In an Immersion Week, students come to the garden every day for a week. Our seventh-grade classes come for two weeks of immersion, one in each semester. Eighth-grade classes come for one week in the spring.
Fruit and vegetable consumption has grown significantly in the past two decades as the health benefits of these crops have been emphasized. Unfortunately, the incidence of food borne illnesses has also increased.
In the garden, we rely on a variety of practices to assess our teaching and our students’ knowledge. Reporting out in a group setting, playing interactive games, and applying skills in the field can be used successfully throughout garden class as assessment practices.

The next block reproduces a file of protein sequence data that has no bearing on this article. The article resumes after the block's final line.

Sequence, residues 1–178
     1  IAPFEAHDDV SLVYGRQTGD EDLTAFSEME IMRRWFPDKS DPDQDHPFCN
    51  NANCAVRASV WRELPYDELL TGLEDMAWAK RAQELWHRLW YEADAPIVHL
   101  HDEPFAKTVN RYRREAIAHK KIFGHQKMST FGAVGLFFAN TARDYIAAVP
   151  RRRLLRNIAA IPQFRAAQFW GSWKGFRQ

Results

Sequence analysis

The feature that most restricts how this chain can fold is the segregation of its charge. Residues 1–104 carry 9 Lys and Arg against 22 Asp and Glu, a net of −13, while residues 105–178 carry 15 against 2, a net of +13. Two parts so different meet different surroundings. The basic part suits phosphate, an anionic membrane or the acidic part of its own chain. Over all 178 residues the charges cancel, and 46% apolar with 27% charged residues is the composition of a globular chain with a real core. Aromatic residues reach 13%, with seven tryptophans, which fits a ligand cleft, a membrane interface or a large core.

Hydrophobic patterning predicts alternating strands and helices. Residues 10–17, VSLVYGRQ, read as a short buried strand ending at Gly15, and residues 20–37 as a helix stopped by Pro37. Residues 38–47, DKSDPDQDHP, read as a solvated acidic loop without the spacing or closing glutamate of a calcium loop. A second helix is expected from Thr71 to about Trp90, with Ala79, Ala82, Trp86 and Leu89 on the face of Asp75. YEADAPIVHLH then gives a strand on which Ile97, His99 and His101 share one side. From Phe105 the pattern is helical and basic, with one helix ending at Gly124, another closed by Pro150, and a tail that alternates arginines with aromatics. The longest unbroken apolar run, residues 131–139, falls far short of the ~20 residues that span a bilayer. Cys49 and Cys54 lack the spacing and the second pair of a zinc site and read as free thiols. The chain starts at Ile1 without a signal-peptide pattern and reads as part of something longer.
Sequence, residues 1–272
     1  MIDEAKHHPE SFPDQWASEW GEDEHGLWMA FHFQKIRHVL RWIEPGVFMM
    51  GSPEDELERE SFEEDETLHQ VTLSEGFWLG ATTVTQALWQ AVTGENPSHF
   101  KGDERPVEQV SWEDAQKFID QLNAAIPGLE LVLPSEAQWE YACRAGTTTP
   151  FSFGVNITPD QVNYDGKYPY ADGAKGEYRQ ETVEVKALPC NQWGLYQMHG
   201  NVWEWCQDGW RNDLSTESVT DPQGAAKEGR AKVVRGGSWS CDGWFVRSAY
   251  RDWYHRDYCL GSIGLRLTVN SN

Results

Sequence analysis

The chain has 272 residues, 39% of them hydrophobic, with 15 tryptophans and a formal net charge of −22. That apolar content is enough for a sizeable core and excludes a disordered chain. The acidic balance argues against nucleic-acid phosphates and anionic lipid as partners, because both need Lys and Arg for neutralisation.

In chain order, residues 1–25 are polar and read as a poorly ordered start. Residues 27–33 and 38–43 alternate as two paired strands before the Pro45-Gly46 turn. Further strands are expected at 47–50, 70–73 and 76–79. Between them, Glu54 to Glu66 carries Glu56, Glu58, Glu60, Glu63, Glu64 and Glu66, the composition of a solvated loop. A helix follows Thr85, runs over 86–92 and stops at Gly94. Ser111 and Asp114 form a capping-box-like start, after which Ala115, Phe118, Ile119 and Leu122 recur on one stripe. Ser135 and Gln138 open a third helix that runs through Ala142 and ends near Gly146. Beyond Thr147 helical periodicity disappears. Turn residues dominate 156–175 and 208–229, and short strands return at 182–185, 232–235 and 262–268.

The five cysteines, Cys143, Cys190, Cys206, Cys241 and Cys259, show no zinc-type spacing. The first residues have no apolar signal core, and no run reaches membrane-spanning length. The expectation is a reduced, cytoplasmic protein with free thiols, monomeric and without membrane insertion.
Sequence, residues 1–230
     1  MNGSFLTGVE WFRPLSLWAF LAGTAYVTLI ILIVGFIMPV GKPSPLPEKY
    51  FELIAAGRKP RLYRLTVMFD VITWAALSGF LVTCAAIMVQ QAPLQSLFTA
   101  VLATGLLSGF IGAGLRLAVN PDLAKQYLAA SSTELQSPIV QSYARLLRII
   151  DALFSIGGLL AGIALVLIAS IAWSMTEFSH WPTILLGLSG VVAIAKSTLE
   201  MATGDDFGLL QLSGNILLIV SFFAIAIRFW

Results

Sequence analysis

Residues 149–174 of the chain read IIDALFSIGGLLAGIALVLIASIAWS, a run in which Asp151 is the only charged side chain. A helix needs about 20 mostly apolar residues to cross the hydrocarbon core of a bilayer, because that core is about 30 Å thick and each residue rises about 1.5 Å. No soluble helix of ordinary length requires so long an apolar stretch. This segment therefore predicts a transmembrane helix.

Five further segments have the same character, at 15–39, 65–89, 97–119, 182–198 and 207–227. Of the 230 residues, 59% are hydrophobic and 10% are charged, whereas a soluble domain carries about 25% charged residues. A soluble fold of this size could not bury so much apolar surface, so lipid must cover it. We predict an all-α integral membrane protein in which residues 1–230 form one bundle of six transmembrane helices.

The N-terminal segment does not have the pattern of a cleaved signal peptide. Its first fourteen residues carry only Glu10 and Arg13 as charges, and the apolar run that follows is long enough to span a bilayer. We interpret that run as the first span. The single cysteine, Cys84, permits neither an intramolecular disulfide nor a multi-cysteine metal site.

This resource provides an overview of practices that teachers at the Edible Schoolyard Berkeley use to make lessons inclusive and engaging. These methods help students of diverse learning styles access curriculum and achieve learning goals.
When developing science lessons for the garden setting, we rely on four primary methods of integrating content into a typical garden class: opening circle demonstrations, rotating labs, small working groups, and hands-on experiences that take the entire class period.
When choosing ingredients for making a good potting mix or when selecting a potting soil mix that
is already made, check to make sure the ingredients of the mix you choose are organically grown so
that no toxins or chemical sprays are present in the ingredients you are handling.
This resource, compiled by farmer and Edible Schoolyard Project adviser Wendy Johnson, provides an overview of organizations that advance environmental causes, as well as websites, films, and books that explore ecologically sound growing practices.